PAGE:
CN Executive Coaching Corner

Motivation: Your Thoughts Create Your Brain – Part 1

Brain Cells

Ray Kurzweil, Inventor, Futurist discussed advancement in the ability of science to observe the brain.  “We can [now] see your thoughts create your brain. That’s key to the secrets of its operation, that we actually create the connections that constitute the hierarchy of the neocortex from our own thoughts.”  What is new is that we can actually “see” the process taking place.

Kurzweil’s assertion does leave the mind wading about in a bowl of “Chicken or Egg Soup.”   There was, after all, a first brain cell and a first neuron in each of us.  There must logically have been a first thought to generate a first neural connection. At this point, let’s not worry about where that first thought came from.  We’d need a drink firmly in hand for that.  But, if Kurzweil is correct, if thoughts do indeed “create” the brain’s neural connections, it begs the question, “At what point does the first thought occur, and what was that thought?”

The answer may well be found at the first point of self-awareness, that thought being entirely internal, separate and apart from any other beings, apart from and long before the ability to speak, the thought expressed only by oneself only to oneself as the realization, “I am.” This may be the foundation thought, a singularity in the mind from which all subsequent thoughts originate.

If thoughts truly do generate the connections in the neocortex, all thoughts following the “I am” realization must rush in at the speed of light. And science has observed neurons forming in the human infant at a phenomenal rate prior to birth.  The senses that had existed before the “I am”, but which operated separately, disconnected from the “I am,” are now connected to the “I am” in a dynamic way.  The connections proliferate exponentially as interaction with the environment generates thought.

At some point, the interactions between the sensory inputs from the environment and the “I am” generates the opening volley of core neural connections that form the initial latticework that becomes the foundation (but not the sole determinant) of future connection patterns in the neocortex.  There must eventually be a second fundamental juncture that begins with the thought-word, “Therefore.”  From that point, the brain begins to fine-tune itself according to the input it receives from the environment as well as in accord with its genetic instruction set.

No one would understand this moment of “I am” more acutely than a gestating woman who recognizes the approximate point at which an an unborn child is able to differentiate itself from its environment in utero. [1]  Synaptogenesis, the formation of synapses between neurons in the nervous system, is lifelong. But there is an explosion of synapse formation during early brain development.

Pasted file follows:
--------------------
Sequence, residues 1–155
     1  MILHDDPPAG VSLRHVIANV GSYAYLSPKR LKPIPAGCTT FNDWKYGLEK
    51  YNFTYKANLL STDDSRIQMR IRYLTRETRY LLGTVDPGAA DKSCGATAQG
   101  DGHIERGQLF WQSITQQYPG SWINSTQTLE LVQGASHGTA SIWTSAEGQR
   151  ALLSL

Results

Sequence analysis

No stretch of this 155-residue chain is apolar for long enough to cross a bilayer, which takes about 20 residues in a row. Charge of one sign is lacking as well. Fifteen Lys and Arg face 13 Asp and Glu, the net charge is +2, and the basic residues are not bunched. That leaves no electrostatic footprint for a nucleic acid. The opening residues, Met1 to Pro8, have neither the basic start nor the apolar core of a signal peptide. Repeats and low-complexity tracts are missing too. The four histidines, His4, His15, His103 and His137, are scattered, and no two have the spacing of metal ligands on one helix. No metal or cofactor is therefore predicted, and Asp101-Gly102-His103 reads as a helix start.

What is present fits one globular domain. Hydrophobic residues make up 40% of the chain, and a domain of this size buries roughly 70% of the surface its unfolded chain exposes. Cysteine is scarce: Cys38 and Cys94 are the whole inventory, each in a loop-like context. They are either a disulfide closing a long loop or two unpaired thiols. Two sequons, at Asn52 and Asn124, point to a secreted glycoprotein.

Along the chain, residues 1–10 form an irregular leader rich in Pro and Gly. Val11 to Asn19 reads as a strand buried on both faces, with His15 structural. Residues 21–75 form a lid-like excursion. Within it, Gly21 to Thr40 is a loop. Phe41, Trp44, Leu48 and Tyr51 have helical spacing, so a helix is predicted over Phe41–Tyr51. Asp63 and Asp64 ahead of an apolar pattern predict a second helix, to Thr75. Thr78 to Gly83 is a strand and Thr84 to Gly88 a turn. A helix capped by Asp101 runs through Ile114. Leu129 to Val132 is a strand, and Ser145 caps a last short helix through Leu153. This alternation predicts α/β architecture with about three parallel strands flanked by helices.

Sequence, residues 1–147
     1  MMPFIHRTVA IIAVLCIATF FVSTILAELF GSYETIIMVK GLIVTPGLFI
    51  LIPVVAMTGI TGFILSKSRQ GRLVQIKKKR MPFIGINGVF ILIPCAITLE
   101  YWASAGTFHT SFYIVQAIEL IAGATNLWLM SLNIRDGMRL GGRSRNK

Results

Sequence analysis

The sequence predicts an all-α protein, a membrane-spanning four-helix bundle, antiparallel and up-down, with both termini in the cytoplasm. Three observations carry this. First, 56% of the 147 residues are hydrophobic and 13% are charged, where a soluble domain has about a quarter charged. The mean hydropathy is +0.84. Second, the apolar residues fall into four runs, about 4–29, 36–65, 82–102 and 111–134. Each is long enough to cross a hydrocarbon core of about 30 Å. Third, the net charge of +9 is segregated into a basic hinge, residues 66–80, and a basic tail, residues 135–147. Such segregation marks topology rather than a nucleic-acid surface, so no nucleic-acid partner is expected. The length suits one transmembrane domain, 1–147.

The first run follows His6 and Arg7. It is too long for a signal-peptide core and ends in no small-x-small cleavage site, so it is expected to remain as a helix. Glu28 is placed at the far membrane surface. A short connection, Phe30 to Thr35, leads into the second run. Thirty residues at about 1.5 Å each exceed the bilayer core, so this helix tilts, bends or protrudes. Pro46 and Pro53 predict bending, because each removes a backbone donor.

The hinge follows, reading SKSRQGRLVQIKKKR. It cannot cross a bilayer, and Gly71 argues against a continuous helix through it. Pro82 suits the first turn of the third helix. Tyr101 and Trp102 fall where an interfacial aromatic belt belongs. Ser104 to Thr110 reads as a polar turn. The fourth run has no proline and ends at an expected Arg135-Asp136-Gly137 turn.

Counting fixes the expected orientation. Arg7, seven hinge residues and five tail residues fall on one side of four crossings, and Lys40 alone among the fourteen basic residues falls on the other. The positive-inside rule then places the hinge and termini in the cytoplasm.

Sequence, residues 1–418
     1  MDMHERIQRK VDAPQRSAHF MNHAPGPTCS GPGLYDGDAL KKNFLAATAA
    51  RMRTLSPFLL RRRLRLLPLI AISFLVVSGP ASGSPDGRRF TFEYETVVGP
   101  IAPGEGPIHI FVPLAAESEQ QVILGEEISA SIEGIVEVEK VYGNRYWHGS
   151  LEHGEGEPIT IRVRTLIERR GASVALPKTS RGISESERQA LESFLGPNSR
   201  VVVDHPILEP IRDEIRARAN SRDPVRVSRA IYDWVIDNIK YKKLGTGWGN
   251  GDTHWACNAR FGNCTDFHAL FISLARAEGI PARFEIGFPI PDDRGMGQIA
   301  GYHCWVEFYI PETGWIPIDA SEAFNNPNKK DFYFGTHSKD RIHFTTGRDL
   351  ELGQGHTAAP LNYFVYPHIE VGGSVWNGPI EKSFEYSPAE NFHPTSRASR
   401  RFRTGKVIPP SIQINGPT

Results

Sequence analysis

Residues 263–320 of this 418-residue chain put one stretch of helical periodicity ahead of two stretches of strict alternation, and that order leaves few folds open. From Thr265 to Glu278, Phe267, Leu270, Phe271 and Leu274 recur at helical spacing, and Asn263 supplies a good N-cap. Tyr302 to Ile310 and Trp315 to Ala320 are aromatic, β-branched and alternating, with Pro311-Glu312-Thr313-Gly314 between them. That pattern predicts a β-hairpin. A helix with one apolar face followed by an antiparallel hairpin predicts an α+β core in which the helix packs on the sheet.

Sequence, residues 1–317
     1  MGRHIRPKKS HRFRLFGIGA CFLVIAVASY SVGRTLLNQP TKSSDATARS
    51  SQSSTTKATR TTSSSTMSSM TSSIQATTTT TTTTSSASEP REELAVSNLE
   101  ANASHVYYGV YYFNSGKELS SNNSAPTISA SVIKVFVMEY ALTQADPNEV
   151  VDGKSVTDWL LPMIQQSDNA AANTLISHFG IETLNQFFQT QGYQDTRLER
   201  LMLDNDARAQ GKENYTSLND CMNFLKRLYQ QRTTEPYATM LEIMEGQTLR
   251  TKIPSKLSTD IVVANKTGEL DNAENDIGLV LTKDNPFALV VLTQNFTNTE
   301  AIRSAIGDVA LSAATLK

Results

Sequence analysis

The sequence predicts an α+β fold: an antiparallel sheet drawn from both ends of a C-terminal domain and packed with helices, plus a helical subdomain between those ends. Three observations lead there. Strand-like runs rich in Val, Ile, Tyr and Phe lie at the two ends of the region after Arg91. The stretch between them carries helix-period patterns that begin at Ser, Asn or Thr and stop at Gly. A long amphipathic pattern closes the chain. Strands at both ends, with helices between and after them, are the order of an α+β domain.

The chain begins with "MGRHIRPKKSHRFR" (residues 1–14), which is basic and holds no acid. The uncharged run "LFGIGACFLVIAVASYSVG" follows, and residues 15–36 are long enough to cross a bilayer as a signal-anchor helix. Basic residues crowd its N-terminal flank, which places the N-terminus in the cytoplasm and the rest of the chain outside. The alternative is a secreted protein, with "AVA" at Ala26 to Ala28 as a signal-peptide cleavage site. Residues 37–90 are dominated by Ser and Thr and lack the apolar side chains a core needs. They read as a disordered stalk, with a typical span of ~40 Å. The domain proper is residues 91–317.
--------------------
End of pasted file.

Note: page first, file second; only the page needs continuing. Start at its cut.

So, what’s all this got to do with motivation of coworkers in an organizational environment…or motivation of others in any environment, work, play or social? Kurtzweil distinguishes thoughts from the brain, also distinguishing the neural connectors from the thoughts that generate them.  That gives us a clue about how to separate key components of the motivation process that we may sometimes confuse.

When we attempt to motivate others, our first objective may be to achieve a momentary, transient, temporary state in a person, much like the momentary state of an engine when a spark ignition enlivens that engine. We may even refer to it as “turning the key.”  With the right mix of elements (fuel, air, ignition source), we can start the combustion engine, breathing life into it, as it were, inspiring it. But neither the fuel, the air, nor the ignition constitute motivation, or movement.

You’ll recognize the analogy of “Five Frogs on a Log.”  Three of the frogs were inspired to jump off the log.   How many frogs were left?  The answer is five.  They were inspired to do so.  They didn’t actually jump.

Many have experienced such a moment at seminars, rallies, speeches or a staff meeting, returning home after an ‘inspirational message,” fully recognizing the importance of some course of action,, determined to undertake the journey.

An engine “becomes” once it has been enlivened, just as a person is inspired, energized at the start of a motivation process. But there must be more, the next state to which we must aspire, the state for which the engine is purposed, that being to drive the system in which it resides to a result.

Continue with us as Coaching Motivation – Your Thoughts Create Your Brain – Part 2  examines the crucial connection of “I am” to motivation.

Copyright Robert D. Jones, 2013 – All Rights Reserved


[1]  “Although most neurons are formed halfway through gestation there are virtually no synaptic connections – it is experience and interaction with the environment that forms the synaptic connections. Most synaptogenesis occurs through the 2nd year of life.  83% of dendritic growth (connections between synapses) occurs after birth.” (Dr. Schuetze, “Nervous System Development“)


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